• JR

What is Pathways?

Before I go any further with my renewed blogging efforts it would be a very good idea for me to explain what the Pathways programme is. Pathways is short for Pathways Into Children's Publishing. I stumbled upon Pathways just as I completed my first year of teaching at Goldsmiths, University of London.

I had made the huge decision to step out of teaching (even though those jobs are hard to come by and I had benefitted hugely from the opportunity presented to me as a post-doc) because I was feeling a huge tension in teaching a creative subject that I was struggling to make the time to practice myself. As a family, we were at the beginning stages of fostering when we were suddenly faced with a couple of issues at home that needed my full attention. I won't go into that just now.

Scrolling through Twitter I saw that appointments were available for tomorrow's open day. I was due to be in London again anyway, so I booked in. I met with Emily Jost at The House of Illustration where she explained what Pathways was all about.

Children's literature is sorely lacking in racial diversity. A study (Reflecting Realities) was undertaken by the CLPE (The Centre for Literacy in Primary Education) that revealed several alarming statistics. The study showed that only 1% of British children's books featured a main character who was BAME (Black, Asian or minority ethnic). The House of Illustration and PopUp Projects teamed up to create Pathways in an effort to improve this situation.

Pathways called for applications from artists of BAME and other under-represented backgrounds. A group of about 26 successful applicants would embark on an industry-based two-year programme that would set us up to work as professional children's illustrators. It's not an accredited degree or certificate, I would argue it is much more.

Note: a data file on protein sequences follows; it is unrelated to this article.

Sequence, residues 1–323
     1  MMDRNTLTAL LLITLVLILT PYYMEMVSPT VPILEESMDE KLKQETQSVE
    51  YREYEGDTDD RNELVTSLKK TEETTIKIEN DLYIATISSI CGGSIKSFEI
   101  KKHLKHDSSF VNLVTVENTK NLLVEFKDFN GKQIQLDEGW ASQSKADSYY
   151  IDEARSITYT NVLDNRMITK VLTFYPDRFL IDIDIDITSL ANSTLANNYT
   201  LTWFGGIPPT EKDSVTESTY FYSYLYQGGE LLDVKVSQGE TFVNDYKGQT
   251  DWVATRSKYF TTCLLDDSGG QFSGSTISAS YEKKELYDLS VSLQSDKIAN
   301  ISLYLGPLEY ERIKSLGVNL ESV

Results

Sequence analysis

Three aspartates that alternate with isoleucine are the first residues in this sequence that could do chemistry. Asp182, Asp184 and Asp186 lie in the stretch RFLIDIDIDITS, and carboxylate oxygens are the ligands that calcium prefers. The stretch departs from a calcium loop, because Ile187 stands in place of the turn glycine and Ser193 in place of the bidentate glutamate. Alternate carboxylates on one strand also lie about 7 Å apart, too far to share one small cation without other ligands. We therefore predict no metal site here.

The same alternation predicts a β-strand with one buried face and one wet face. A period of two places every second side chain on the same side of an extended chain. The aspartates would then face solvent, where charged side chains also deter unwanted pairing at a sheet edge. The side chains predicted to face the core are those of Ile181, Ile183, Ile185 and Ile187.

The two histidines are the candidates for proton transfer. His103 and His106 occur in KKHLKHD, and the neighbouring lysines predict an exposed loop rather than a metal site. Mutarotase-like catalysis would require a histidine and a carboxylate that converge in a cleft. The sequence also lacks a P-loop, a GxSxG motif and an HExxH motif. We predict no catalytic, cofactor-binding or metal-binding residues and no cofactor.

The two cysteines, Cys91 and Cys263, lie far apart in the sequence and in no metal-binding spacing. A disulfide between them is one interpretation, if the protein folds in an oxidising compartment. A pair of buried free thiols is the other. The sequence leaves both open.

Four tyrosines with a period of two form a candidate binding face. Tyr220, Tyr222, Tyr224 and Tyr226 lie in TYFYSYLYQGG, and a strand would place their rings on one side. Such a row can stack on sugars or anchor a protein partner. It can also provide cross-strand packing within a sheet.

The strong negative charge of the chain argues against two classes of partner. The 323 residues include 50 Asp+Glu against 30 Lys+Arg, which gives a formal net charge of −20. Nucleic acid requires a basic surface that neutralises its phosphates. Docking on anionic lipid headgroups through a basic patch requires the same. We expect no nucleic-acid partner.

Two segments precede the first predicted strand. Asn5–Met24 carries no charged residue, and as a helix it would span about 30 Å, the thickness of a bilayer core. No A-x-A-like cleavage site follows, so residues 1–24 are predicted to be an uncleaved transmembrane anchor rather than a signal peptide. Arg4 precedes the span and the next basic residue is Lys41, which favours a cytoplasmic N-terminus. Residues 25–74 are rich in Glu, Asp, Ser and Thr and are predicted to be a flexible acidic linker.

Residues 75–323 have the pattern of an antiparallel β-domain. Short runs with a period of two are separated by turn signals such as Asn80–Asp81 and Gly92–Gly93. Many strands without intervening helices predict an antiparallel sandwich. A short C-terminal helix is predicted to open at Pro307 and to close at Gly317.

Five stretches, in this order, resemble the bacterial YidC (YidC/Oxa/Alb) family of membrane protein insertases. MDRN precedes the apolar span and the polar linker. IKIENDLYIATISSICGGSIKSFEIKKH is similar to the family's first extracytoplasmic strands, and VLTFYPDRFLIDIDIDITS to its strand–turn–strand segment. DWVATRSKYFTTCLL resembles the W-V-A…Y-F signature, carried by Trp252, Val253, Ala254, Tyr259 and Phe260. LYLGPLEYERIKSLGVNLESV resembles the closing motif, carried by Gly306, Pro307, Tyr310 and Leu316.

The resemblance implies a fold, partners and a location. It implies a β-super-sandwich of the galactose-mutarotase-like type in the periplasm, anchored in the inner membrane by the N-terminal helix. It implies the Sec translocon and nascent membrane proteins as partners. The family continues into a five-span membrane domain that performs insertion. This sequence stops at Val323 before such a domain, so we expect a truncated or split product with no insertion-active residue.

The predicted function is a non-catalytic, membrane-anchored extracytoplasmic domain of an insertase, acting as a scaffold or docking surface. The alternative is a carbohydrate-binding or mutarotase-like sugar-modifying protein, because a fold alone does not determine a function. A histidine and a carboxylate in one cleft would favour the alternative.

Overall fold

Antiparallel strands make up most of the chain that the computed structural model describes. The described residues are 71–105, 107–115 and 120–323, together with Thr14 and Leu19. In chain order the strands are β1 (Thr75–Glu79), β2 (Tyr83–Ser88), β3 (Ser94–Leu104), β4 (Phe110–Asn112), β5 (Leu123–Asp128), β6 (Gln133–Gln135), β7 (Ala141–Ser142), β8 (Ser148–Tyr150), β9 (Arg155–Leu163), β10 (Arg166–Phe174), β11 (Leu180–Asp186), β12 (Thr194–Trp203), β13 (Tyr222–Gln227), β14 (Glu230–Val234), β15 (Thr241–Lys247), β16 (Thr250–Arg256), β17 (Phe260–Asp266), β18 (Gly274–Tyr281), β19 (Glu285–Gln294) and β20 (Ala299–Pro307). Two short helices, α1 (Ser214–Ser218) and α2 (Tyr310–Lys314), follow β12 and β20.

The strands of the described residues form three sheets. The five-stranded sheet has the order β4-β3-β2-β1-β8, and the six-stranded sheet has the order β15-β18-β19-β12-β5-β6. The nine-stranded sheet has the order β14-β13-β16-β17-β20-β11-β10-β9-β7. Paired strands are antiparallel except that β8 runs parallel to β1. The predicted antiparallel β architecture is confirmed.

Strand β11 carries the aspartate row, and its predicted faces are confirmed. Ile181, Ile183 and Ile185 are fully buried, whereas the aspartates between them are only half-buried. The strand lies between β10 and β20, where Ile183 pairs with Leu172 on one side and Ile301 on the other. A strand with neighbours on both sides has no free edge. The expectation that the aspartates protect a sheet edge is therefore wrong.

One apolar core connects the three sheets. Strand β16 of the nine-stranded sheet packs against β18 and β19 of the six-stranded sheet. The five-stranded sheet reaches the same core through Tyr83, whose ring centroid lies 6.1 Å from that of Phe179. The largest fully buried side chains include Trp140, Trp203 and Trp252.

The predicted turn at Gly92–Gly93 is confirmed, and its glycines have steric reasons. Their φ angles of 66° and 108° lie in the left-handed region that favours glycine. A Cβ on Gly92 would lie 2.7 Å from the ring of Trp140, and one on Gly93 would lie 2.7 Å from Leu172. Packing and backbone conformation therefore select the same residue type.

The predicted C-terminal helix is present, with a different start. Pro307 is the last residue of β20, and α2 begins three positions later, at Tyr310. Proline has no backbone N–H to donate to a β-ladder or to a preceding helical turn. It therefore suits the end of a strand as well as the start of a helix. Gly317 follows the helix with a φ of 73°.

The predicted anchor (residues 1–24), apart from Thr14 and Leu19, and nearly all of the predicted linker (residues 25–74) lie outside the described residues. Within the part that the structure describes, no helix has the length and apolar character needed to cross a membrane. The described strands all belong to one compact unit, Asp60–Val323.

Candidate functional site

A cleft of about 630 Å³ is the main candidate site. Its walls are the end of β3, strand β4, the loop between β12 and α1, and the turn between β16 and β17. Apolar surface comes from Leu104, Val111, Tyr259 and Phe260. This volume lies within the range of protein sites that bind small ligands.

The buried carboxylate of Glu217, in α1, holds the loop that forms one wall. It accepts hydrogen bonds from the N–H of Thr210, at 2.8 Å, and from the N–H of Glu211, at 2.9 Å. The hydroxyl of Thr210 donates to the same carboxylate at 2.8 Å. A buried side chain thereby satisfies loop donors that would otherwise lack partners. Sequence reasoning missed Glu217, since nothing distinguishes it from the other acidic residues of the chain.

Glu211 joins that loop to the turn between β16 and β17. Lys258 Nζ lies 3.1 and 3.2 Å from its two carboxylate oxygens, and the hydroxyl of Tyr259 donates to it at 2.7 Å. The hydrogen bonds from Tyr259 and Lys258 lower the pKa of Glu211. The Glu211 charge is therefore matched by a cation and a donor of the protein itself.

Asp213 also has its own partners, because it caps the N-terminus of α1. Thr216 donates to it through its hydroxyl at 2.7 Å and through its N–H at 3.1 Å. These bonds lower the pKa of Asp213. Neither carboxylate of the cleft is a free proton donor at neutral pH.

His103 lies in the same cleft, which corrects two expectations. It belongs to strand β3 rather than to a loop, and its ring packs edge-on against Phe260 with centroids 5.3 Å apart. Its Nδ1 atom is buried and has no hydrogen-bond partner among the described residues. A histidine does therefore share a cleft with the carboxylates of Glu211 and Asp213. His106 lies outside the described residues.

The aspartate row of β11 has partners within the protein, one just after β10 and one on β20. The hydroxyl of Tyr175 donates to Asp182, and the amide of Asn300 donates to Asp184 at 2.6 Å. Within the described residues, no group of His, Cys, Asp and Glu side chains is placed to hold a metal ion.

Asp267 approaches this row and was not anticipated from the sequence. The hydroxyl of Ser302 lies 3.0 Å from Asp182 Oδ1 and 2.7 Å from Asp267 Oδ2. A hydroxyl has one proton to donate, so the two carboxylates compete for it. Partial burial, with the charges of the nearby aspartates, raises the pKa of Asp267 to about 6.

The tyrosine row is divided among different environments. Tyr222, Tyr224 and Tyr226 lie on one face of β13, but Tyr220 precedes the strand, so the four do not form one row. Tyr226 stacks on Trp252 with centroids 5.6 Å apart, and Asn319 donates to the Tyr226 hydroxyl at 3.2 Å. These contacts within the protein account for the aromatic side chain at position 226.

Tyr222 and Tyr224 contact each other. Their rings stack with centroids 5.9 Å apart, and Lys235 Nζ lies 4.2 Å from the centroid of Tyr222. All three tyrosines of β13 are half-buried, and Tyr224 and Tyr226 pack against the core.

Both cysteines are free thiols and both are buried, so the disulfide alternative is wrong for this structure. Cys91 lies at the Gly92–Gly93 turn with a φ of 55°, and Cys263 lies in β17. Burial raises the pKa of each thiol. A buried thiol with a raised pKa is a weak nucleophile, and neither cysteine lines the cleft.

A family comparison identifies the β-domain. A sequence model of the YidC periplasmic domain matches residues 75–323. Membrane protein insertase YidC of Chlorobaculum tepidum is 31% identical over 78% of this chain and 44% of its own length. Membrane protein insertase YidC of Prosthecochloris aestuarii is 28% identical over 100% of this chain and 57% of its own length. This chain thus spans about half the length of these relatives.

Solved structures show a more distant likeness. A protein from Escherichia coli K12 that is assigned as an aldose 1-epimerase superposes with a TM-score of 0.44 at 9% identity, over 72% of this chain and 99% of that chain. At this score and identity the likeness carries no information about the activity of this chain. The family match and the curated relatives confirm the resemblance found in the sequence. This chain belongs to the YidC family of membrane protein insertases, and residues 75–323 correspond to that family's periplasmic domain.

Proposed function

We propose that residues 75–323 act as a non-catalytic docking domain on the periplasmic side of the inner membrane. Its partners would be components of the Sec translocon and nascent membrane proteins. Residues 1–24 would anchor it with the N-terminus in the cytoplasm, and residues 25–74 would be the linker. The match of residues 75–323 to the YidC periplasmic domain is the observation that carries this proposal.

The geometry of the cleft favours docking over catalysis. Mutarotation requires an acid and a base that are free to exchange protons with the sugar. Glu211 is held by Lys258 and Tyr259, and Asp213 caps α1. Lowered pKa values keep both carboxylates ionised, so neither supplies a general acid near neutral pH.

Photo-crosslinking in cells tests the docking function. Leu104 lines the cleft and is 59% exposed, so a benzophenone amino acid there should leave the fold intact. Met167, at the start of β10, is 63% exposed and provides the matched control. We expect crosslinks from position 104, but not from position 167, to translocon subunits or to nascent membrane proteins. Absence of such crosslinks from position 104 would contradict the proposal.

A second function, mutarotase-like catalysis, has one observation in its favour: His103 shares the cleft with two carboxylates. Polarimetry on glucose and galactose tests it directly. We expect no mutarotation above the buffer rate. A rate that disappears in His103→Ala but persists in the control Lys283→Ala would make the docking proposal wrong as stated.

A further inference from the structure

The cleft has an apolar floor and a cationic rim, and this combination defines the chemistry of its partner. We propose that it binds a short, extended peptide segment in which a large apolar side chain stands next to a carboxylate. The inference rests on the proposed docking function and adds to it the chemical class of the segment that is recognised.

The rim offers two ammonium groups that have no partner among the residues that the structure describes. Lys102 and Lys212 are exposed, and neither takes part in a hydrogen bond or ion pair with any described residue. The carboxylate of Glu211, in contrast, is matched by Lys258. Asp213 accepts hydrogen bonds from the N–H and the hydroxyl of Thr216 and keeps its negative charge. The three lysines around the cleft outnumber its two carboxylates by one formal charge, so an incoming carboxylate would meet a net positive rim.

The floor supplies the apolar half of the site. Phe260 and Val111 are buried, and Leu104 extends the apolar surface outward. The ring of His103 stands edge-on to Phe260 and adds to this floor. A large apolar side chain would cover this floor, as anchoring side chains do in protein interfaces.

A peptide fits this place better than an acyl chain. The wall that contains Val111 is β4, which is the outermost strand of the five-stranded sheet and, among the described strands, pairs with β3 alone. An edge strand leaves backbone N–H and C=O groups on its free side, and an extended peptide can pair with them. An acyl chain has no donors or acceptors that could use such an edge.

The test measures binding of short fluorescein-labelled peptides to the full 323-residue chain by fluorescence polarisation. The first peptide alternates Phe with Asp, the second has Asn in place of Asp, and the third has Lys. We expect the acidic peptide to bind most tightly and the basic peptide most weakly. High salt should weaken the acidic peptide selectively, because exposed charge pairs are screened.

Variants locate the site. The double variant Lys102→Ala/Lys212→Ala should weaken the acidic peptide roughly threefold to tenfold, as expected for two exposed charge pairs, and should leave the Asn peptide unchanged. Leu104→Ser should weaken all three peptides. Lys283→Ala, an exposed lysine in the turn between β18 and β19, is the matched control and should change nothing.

After Emily talked me through the details I immediately saw the value of the initiative and wanted in. But I also realised I had two problems - I was older than the target applicant age range so my odds of getting in were smaller, and having recently completed a PhD I doubted I'd get my husband's blessing to sign up for another thing. I brought the brochure home and tried to accept that you can't do everything. Maybe I was being greedy.

Weeks passed and I quietly put together my application, telling myself, I'll just apply, I probably won't get in anyway. My husband said he knew I'd get in and there was no point trying to stop me since I am a stubborn piece of work. Still, I doubted my ability, and because my daughter was going through a crisis, I decided not to submit the application. Two days after the deadline I mentioned my decision to the family and my daughter said, 'I know it's scary mummy, but you told me I have to be brave, so you should be brave too.' As she got to the end of her sentence my phone pinged with an email notification. Pathways had seen I had an incomplete submission saved and was offering a deadline extension.

The programme began in December 2019 with a weeklong residency in Cambridge. I blogged about that here.

We spend time being mentored by established illustrators, taking master classes and short courses in various forms of children's literature and artistic and narrative technique. We visit top universities to learn from a wide selection of educators in children's illustration. We meet professionals from many departments of big and small publishing houses, agencies and booksellers here in the UK. We are set literature briefs by publishers in order to gain professional experience and get feedback. The programme is better than anything I could ever have dreamed up, and the people are amazing. You can have a peep at all of the mentee's profiles here.

Here is a recent and relevant article from the Guardian.

I will stop here as this is long and I'm making myself want to do some drawing! I will no doubt mention Pathways a lot moving forward, so now you know what I'm talking about:)

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